A noticeably deflated West Tisbury select board spent a portion of a special meeting Monday exploring how best to fill the seat that opened up with the passing of their friend and colleague Kent Healy.
Town clerk Tara Whiting Wells told the board, “You can leave the seat vacant until the regular annual town election, you can call for a special election, or 200 voters can sign a citizen’s petition and force a special town election …”
Whiting Wells said taking the town tradition of holding elections on Thursdays into consideration, the earliest a special town election could be called by the board was Jan. 20.
In response to a question by town administrator Jennifer Rand, Whiting Wells confirmed if an election is called, potential candidates would have 15 days to submit paperwork.
Select board chair Skipper Manter pointed out there would be two select board seats up if the town waited until the annual election — Healy’s seat and another board member’s, which would expire in 2023 and 2025 respectively.
Rand described running for the select board as “a big decision,” and one people “may not have contemplated until this moment, and it’s an unusual moment.”
Rand advocated waiting until the annual town election so folks could have time to contemplate whether or not they can run for the seat. If the select board calls an election next week, Rand said, taking the Thanksgiving holiday in mind, folks might not have sufficient time to discuss with household members the idea of running, and therefore might not be able to make a well-thought-out decision. Rand also said she felt waiting was advisable despite any challenges the town may face by extending a two-member select board situation through the winter.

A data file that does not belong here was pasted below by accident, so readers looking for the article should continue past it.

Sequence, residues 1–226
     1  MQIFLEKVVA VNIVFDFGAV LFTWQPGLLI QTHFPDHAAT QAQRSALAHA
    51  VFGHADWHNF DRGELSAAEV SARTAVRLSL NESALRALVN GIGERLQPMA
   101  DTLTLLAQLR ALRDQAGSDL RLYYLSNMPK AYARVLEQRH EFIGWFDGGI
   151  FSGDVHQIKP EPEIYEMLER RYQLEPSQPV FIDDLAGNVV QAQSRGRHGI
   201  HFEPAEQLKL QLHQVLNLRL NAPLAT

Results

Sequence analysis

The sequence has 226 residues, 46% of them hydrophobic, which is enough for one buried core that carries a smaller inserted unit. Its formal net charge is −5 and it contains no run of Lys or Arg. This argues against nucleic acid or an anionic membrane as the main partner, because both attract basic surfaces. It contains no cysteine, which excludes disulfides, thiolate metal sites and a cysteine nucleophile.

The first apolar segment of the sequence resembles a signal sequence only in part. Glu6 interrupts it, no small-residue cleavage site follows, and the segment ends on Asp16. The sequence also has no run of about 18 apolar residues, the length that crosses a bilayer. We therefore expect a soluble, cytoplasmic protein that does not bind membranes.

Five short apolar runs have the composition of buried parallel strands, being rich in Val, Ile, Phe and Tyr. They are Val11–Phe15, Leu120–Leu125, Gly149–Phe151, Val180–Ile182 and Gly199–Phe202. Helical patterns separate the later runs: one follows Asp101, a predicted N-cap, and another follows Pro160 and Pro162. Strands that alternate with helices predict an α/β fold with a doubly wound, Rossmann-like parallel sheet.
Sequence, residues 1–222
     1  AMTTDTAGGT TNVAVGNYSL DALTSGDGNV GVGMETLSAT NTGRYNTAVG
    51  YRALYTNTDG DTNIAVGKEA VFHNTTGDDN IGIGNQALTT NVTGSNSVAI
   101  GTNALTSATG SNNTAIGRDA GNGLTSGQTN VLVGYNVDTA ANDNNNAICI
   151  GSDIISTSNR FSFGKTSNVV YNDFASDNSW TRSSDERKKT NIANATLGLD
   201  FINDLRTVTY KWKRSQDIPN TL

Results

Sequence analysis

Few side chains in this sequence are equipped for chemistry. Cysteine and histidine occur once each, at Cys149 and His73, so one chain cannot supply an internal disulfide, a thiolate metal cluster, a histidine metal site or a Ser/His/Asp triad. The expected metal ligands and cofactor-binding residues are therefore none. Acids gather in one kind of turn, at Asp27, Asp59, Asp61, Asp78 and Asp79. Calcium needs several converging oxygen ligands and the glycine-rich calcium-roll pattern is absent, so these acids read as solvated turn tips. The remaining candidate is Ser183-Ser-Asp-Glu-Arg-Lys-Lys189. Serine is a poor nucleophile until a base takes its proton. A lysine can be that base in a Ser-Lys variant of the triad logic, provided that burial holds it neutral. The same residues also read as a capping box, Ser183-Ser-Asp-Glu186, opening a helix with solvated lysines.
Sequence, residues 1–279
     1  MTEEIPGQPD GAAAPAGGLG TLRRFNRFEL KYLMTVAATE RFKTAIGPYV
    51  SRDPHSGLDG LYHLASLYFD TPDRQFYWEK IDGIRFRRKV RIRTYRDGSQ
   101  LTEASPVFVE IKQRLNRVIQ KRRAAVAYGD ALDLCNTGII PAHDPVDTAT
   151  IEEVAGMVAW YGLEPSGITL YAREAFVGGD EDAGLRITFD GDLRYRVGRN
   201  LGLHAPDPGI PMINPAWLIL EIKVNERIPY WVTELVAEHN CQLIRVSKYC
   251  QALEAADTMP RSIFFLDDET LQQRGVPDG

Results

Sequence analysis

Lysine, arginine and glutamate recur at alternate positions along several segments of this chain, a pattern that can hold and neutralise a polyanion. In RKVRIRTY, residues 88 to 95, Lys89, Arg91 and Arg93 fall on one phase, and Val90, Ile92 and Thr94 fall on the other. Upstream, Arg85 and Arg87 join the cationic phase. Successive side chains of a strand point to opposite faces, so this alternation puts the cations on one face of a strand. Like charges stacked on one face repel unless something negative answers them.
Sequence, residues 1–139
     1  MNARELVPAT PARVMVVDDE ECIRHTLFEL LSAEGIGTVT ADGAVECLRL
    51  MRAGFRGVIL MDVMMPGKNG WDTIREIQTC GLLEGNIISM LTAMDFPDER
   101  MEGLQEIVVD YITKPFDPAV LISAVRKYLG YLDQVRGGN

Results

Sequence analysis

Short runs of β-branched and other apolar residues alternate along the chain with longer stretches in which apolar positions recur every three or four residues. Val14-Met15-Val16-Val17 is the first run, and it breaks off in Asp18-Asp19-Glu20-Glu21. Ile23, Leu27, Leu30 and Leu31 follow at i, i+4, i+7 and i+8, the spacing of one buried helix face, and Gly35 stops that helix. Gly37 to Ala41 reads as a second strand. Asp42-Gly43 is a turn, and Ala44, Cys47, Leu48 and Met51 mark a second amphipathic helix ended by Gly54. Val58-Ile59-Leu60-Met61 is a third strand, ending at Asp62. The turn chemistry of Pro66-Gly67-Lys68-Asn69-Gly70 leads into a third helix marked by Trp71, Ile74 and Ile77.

Manter told his fellow board member Cynthia Mitchell that he’d like to take election possibilities under advisement and return to the subject at the next meeting.
Mitchell said she was fine with waiting, but noted it adds another week to the timeline.
“I’m thinking at this juncture, does another week really make a lot of difference?” Manter said.
In other business, the board authorized Fire Chief Greg Pachico to send a letter to property owners notifying them of the need to post a clear street address and to make driveways and private entrances passable. Chief Pachico said fire vehicles continue to encounter impassable driveways, or driveways too low or narrow. Those constrictions mostly stem from unkempt vegetation, he said. Such constricted driveways are damaging fire vehicles.
“I think it makes great sense,” Mitchell said of the letter.